The 30 patients with dermatophytosis included patients with tinea pedis (n = 10), tinea unguium (n = 12), tinea pedis et unguium (n = 6), and tinea cruris et unguium (n = 2). Fungal cultures were positive in 17 cases and DNA-based detection of culture-negative onychomycosis was positive in 6 cases. The causative fungi were T. rubrum (n = 22, 95.6%) and T. interdigitale (n = 1, 4.3%). Among these cases, 47% (14/30) were caused by terbinafine-resistant T. rubrum. In addition, 60% (8/14) of the patients with terbinafine-resistant dermatophyte had tinea unguium and 5.4 ± 3.2 nails were affected. Regarding the affected nails, 62.5% (n = 10), 43.8% (n = 7), 50% (n = 8), 50% (n = 8), and 62.5% (n = 10) of the lesions involved the big, 2nd, 3rd, 4th and 5th toenail, respectively. Most patients (8/14) with terbinafine-resistant dermatophytes received oral terbinafine (125 mg, daily) for a mean duration of 24.4 ± 14.3 months. Five patients (5/14) were treated with topical SQLE inhibitors, either alone or in combination with oral treatment. Topical regimens included terbinafine, bifonazole, butenafine and liranaftate. Five patients (5/14) had no history of oral terbinafine or topical SQLE inhibitor use. The characteristics of patients with terbinafine-resistant isolates are shown in Table I. Nucleotide substitution within SQLE (1177TTA→TTC) was consequently detected in all 14 terbinafine-resistant strains, leading to Leu393Phe substitution in T. rubrum SQLE proteins. These isolates were deposited in Chiba University with IFM numbers. The minimum inhibitory concentrations (MICs) for the mutant strains were > 32 mg/l for terbinafine, < 0.03–1 mg/l for itraconazole, < 0.03 mg/l for luliconazole and < 0.03 mg/l for ravuconazole.

Table I. Characteristics of patients with terbinafine-resistant Trichophyton rubrum isolates


Terbinafine is the most commonly prescribed oral antifungal medicine that is approved for the treatment of tinea unguium. Meanwhile, terbinafine-resistant tinea corporis due to prolonged terbinafine therapy has been reported in a 62-year-old man with Darier disease (5). In our study, cases 5 and 12 received oral terbinafine for 3 years. In particular, case 12, who had hyperkeratotic-type tinea pedis and severe tinea unguium, might have been an index patient. Because Japanese people remove their shoes and walk barefoot in tatami rooms, the infection may spread even in a living room (6).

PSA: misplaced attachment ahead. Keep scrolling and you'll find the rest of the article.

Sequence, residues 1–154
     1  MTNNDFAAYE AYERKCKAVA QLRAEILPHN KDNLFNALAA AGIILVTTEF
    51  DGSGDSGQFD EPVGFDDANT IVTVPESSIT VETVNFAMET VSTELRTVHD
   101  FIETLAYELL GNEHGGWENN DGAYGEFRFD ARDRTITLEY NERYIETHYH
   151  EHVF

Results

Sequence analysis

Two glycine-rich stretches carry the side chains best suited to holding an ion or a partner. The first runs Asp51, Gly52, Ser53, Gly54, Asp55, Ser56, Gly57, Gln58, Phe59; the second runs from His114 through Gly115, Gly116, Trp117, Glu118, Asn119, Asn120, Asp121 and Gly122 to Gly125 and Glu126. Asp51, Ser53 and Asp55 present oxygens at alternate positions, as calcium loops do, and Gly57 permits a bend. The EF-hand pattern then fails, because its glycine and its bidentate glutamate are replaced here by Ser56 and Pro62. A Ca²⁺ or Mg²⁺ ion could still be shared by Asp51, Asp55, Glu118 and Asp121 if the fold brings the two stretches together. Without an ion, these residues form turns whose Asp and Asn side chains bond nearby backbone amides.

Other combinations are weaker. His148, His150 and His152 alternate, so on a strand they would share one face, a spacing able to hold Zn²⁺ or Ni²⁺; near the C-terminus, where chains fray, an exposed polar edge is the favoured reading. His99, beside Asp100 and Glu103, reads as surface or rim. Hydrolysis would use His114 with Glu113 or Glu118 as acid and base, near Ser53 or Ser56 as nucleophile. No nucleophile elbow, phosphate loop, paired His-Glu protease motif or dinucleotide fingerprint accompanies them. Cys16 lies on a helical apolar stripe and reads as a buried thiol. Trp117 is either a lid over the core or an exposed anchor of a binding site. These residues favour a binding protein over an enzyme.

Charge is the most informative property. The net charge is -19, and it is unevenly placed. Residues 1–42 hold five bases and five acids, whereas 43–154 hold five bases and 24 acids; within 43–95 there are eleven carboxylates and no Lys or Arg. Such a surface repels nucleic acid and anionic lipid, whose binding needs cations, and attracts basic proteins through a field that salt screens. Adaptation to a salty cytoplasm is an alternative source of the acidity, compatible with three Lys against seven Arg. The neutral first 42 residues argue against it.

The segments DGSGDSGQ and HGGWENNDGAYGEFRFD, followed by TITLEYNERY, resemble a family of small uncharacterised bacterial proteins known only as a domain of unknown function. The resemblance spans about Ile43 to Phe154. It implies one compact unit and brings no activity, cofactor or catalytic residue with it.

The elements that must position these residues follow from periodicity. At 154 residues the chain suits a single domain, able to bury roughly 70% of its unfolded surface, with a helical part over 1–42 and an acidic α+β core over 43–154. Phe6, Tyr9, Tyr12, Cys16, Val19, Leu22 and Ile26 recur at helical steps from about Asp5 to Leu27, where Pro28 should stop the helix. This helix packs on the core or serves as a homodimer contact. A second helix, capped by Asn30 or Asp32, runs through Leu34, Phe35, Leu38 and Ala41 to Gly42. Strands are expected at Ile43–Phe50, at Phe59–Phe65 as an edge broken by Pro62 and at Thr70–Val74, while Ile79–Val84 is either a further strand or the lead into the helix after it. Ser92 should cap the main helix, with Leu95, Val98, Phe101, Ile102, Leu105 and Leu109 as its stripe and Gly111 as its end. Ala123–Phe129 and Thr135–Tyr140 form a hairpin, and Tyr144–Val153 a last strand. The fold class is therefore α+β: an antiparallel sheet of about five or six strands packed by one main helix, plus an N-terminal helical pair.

Itraconazole resistance in T. rubrum depends not on mutation of the target enzyme (lanoconazole 14-α-demethylase), but on the overexpression of the TruNDR2 gene, which encodes multidrug transporters of the ABC family (7). Itraconazole-resistant T. rubrum (TIMM20092) was isolated from a tinea pedis patient in Switzerland with a minimum inhibitory concentration (MIC) of 0.5 mg/l for itraconazole (7, 8). In our study, the MIC for itraconazole ranged from

Fosravuconazole, which was approved for tinea unguium treatment by the Japanese government in 2018 (9), is a novel triazole antifungal drug developed as a water-soluble prodrug for ravuconazole (10). Its excellent oral absorbability and systemic bioavailability have resulted in high serum drug concentrations and a long half-life (10). We treated 7 severe cases of tinea unguium with oral fosravuconazole and 1 mild case with efinaconazole 10% solution (11). Six patients with tinea pedis were treated with luliconazole 1% cream. As of July 2021, among the 7 fosravuconazole-treated patients with tinea unguium, 3 had been successfully cured, while 2 were showing a positive improvement. In addition, one patient treated with efinaconazole was also found to be improving. Among the 6 luliconazole-treated patients with tinea pedis, 5 had been successfully cured, while the other patient with a hyperkeratotic type had begun a treatment regimen with oral fosravuconazole.

A questionnaire survey of antifungal-resistant dermatophytes in representatives from European countries revealed that 85% of all countries (17/20) observed clinical and/or mycological confirmed resistance to terbinafine in 64% (61/96) and to itraconazole in 41% (39/96), while also observing resistance to fluconazole in 16% (15/96) (12). The 3 prevalent species were T. rubrum (33/95), Microsporum canis (23/95), and T. mentagrophytes (17/95) (12). Dermatologists should focus on the increasing numbers of terbinafine-resistant dermatophytes.


This work was partly supported by the Japan Agency for Medical Research and Development, AMED under Grant Number JP21fk0108094. The authors thank Dr. Yoshiharu Ohsato (Kahotechno Co., Ltd., Fukuoka, Japan) for the genetic diagnosis of onychomycosis.